Additional information about CT scans

Click here to get general information about CT scans from the National Institutes of Health. Click here to link to an abstract (a brief summary) of research that Dr. Aaron Sodickson presented last year at the annual meeting of the Radiological Society of North America, held in Chicago. Doctors are weighing the pluses and minuses of using CT scans to detect heart disease and, more specifically, coronary artery disease — the atherosclerotic blockages in the arteries that supply the heart that can lead to heart attacks. (Locked) More »

Additional information about cutting health care costs

The Health Letter prepared a chart listing medications available as generics in some forms and doses but as brand-name-only drugs in others: Link to a Philadelphia Inquirer story about a study showing that hospital-acquired infections are associated with large increase in medical costs: Link to a talk about health care costs and behavioral economics given in August 2008 by Peter Orszag, director of the Office of Management and Budget (OMB) in the Obama administration. Orszag was head of the Congressional Budget Office when he gave this talk, which he reprised several months later when he delivered the Marshall J. Seidman Lecture on Health Policy at Harvard Medical School. More »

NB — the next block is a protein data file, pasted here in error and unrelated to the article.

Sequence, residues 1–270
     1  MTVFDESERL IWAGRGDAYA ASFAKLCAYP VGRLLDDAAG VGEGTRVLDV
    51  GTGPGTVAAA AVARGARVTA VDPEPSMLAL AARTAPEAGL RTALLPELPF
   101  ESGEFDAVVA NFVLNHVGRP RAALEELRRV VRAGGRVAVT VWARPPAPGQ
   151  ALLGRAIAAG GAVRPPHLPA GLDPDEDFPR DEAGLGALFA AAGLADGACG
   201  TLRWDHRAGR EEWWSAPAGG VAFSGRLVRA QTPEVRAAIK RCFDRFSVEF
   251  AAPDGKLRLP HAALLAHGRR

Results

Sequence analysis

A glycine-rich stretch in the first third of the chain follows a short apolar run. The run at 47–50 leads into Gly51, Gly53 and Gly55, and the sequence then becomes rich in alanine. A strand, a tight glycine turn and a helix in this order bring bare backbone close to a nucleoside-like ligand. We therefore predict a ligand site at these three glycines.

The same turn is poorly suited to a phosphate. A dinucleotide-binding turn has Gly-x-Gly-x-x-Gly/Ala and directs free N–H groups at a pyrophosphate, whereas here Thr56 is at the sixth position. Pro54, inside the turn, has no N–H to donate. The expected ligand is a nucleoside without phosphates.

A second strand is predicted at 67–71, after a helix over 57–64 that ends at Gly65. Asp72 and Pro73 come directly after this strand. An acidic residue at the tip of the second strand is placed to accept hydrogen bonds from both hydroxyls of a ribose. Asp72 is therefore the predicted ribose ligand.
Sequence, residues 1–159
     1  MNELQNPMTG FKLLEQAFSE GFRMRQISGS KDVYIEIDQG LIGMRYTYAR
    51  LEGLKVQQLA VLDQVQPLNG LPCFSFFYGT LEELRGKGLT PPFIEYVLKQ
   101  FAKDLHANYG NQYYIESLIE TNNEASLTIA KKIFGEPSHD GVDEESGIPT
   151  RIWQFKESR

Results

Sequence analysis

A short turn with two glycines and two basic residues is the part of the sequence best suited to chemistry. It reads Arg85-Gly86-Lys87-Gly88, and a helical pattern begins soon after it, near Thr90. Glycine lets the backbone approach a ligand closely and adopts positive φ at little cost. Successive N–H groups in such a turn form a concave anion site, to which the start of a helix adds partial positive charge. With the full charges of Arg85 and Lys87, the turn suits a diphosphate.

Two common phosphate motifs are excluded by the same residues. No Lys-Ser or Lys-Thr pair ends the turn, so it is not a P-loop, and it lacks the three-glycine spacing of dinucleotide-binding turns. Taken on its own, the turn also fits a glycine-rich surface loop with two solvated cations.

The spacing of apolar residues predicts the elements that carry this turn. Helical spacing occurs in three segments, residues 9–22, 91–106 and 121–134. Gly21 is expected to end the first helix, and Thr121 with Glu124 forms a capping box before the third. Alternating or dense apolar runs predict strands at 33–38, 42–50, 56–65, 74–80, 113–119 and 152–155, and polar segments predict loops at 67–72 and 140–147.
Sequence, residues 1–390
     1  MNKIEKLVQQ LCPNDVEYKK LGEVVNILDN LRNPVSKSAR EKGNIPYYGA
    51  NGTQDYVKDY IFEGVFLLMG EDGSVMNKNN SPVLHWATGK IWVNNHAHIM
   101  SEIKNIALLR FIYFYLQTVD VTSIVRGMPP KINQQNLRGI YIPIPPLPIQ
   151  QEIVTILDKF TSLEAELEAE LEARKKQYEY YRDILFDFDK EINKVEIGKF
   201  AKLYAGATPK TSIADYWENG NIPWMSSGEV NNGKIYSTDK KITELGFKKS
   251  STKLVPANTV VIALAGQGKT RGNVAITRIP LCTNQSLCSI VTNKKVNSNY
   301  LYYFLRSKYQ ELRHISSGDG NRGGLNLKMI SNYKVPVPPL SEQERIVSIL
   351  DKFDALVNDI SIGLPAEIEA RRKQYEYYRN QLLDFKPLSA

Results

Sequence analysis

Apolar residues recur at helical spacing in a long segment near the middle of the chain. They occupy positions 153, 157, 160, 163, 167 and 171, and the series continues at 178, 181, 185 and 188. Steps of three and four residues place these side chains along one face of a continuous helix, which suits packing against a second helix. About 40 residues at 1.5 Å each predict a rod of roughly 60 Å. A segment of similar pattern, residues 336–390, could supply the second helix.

Additional information about vaccines

Link to the 2009 adult vaccine schedule from the federal government's Centers for Disease Control and Prevention: Link to Spanish-language version of the 2009 adult vaccine schedule: Link to full text of October 2008 Harvard Health Letter article about the shingles vaccine: (Locked) More »

12 ways to cut health care costs

Individuals can reduce their health care costs by following these suggestions, which include developing a consistent relationship with a primary care physician, taking generic medications when possible, and discussing end-of-life issues ahead of time. More »

All the pretty pictures

The prevalence of CT scanning has had a marked impact on medical diagnosis, but the radiation from a CT scan is much higher than from a traditional x-ray, and people who undergo repeated scans may be at increased risk for cancer. (Locked) More »

Weighing on our minds

It was previously believed that heavier people were less likely to develop dementia than thinner people, but recent evidence has shown that people with more abdominal fat in middle age are more likely to develop dementia later in life. (Locked) More »